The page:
Where is the missing element?

René Jansen, Regional Manager EDAX, EMEA

Iron man

I have always been fascinated by the Star Trek series. It is like looking into the future and thinking, ‘when will this becomes reality to us?’ Things like time travel, voyaging through space and ‘beam me up, Scottie’. I had the same thought when I saw the movie ‘Iron Man’; an intelligent and rich person, Tony Stark ‘creates’ a new element which gives him power to do incredible things and be able to defeat the bad guys.

Thinking about these movies I wonder when we will discover new elements for our current periodic table of elements, which was developed by Dmitri Mendelejev and first published in 1869. We may possibly discover a new element, which allows us to move technology into a new era. It has been 50 years since a new and stable element  was added (Plutonium by Glenn Seaborg).

Sure, new elements today can be synthetically manufactured, but they are still  unstable.  As of 2014, the periodic table has 114 confirmed elements, comprising elements 1 (hydrogen) to 112 (copernicium), 114 (flerovium) and 116 (livermorium). Elements 113, 115, 117 and 118 are apparently being synthesized in laboratories,  however none of these claims have been officially confirmed by the International Union of Pure and Applied Chemistry (IUPAC), nor are they named. While new and stable elements may be difficult to achieve, there is a wealth of development in new alloying elements.  These bring us enhanced properties for better, stronger and more durable materials, which may bring us into the next generation of technology.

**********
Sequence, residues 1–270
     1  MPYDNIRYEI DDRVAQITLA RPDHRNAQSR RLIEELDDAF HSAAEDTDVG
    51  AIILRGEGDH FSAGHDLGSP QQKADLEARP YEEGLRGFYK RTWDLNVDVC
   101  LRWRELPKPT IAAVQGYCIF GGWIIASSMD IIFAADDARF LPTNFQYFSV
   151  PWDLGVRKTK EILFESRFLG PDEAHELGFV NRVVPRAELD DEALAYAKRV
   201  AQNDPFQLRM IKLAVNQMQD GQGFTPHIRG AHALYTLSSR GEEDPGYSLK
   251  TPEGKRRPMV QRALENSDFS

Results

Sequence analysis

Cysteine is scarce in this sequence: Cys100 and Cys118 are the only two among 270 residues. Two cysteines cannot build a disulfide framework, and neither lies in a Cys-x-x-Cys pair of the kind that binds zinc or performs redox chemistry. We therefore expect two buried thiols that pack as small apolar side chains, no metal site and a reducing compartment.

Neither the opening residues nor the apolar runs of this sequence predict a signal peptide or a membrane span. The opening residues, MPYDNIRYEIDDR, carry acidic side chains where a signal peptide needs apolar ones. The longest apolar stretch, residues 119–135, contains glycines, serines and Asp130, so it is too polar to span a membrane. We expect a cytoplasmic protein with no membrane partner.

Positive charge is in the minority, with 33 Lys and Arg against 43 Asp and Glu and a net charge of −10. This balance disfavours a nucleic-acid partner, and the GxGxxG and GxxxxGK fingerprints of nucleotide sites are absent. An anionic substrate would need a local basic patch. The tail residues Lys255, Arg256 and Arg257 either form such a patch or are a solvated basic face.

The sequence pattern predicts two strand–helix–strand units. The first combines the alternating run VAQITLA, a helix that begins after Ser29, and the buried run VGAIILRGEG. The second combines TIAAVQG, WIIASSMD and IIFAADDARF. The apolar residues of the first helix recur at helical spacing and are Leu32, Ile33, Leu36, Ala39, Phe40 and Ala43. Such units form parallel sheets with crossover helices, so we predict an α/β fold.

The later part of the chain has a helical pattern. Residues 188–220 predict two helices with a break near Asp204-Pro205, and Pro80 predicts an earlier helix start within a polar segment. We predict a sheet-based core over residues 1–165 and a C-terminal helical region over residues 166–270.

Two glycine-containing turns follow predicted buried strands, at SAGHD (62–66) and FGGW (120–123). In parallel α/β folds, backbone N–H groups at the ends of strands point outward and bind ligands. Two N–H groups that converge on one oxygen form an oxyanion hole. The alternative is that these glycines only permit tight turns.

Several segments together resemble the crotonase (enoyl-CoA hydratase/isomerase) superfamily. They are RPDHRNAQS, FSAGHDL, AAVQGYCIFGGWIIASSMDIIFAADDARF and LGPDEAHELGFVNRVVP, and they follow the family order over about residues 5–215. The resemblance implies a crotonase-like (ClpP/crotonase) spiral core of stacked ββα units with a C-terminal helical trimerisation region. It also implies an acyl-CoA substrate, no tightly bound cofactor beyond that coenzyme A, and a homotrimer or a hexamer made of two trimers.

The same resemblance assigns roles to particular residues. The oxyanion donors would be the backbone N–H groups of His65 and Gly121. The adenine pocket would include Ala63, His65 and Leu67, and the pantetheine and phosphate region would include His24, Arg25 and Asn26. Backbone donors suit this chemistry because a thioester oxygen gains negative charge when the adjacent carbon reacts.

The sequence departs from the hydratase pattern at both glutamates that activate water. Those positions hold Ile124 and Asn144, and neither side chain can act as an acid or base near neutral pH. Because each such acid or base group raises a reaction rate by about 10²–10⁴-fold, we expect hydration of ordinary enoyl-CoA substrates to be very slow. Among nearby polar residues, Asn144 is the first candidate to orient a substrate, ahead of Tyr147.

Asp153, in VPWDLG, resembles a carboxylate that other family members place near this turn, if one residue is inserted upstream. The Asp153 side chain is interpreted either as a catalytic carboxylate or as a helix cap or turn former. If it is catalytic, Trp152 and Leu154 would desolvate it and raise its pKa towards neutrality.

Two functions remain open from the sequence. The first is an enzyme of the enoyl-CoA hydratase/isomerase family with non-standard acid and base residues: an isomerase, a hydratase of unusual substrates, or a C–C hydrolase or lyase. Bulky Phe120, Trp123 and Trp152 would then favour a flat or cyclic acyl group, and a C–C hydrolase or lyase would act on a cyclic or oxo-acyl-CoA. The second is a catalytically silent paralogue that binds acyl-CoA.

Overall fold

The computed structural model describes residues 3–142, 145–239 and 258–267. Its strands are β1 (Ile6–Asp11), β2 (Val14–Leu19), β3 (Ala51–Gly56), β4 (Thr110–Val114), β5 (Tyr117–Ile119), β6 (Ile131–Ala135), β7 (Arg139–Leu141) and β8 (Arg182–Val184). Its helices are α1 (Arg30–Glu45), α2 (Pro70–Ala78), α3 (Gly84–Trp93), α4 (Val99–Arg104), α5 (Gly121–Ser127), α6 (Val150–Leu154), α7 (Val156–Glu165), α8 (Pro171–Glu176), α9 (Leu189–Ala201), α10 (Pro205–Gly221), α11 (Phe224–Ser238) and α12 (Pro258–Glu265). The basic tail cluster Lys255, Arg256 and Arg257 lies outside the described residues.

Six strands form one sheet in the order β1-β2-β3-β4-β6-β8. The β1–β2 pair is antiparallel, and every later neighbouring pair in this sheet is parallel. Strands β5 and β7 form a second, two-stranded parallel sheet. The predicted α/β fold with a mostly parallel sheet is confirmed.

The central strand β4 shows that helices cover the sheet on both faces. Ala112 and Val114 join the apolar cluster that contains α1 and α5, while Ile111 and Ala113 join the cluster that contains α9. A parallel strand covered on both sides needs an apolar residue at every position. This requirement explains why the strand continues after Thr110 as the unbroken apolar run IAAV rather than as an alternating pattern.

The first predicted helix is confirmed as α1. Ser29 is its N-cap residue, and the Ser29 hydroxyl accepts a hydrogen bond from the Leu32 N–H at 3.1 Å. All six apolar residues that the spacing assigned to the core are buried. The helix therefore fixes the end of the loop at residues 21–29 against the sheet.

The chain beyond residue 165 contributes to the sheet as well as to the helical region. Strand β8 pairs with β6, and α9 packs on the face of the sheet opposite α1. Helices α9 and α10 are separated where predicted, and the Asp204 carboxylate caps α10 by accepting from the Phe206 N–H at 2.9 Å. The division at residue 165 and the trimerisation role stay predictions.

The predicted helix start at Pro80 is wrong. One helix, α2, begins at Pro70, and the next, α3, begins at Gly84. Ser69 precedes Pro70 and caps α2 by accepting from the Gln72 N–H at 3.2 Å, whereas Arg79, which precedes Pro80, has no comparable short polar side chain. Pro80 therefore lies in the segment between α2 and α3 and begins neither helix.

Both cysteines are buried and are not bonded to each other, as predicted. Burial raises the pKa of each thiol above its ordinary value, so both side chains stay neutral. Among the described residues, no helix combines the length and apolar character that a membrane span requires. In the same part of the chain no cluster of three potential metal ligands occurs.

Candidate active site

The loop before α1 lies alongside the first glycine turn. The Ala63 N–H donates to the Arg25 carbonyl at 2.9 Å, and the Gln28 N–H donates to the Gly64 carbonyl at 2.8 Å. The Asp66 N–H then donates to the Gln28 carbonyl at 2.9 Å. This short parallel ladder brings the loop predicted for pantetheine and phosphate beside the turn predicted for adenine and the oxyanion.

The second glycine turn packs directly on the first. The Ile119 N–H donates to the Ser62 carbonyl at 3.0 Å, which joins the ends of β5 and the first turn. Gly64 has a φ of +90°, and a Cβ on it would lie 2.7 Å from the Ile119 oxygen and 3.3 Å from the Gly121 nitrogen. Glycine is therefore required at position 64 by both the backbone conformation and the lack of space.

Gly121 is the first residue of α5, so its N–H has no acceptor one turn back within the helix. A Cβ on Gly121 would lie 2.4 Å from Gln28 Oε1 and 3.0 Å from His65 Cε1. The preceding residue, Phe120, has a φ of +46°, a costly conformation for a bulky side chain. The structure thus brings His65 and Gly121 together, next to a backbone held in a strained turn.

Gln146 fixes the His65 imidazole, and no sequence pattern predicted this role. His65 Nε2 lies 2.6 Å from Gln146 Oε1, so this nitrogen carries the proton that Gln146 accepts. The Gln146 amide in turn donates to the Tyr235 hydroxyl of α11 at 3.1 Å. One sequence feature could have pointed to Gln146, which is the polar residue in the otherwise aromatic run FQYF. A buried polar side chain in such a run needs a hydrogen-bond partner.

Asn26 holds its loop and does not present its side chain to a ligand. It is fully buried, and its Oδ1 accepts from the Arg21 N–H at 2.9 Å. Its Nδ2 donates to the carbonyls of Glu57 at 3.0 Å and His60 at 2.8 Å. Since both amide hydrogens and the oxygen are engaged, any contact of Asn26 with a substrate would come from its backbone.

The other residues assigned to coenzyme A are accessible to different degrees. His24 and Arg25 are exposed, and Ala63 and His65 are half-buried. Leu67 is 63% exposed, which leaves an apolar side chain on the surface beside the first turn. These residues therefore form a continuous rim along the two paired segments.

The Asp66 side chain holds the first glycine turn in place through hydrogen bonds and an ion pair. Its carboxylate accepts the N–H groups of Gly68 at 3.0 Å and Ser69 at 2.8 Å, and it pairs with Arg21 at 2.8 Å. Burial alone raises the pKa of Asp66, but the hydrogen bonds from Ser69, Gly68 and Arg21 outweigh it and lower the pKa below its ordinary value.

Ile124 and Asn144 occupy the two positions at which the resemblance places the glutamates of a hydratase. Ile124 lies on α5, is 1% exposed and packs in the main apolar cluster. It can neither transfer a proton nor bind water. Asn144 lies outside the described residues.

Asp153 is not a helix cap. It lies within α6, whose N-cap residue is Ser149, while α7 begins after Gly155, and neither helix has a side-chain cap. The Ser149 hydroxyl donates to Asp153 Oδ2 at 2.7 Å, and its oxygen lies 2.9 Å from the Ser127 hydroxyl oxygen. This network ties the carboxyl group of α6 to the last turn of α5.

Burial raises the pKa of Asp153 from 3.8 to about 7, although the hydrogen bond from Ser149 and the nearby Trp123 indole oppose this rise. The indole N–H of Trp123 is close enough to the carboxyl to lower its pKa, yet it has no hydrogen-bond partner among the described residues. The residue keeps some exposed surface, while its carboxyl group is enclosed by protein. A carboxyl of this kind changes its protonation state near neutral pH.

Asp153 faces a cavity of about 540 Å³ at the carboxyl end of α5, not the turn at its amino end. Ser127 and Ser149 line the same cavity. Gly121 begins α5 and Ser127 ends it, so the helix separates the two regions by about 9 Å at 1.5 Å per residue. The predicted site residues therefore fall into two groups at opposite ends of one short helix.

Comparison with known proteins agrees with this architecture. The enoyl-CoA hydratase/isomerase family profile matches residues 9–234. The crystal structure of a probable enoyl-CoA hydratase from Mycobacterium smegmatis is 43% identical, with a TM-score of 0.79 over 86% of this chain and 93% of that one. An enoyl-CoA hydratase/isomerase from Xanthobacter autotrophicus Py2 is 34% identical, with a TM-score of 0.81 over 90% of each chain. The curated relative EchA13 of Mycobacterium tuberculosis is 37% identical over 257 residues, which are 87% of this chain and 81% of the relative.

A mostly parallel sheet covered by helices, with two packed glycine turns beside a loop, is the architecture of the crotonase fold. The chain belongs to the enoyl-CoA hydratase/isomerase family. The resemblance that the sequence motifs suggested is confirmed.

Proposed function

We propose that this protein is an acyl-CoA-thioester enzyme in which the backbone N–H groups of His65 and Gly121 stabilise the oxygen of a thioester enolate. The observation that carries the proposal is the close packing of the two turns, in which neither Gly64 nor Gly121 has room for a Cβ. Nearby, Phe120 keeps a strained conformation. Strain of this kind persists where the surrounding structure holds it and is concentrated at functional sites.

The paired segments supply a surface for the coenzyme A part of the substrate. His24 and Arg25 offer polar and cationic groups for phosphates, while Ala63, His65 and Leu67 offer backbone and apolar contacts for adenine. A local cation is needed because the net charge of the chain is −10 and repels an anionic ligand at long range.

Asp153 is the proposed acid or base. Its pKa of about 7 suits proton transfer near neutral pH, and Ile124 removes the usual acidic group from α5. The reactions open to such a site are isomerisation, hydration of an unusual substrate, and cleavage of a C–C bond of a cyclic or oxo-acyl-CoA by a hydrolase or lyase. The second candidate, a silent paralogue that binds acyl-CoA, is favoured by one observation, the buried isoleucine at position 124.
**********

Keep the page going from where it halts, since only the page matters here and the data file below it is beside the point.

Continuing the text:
In order to keep my hopes to witness the new era with the Star Trek technology, Research Centers all over the world need to finally find the missing element to make this all possible. When it comes to my contribution to all of this, I hope that with my work at EDAX, our detector technology can help these institutes to find my missing element.

periodic table

Click the table to reach the EDAX interactive periodic table of elements.

 

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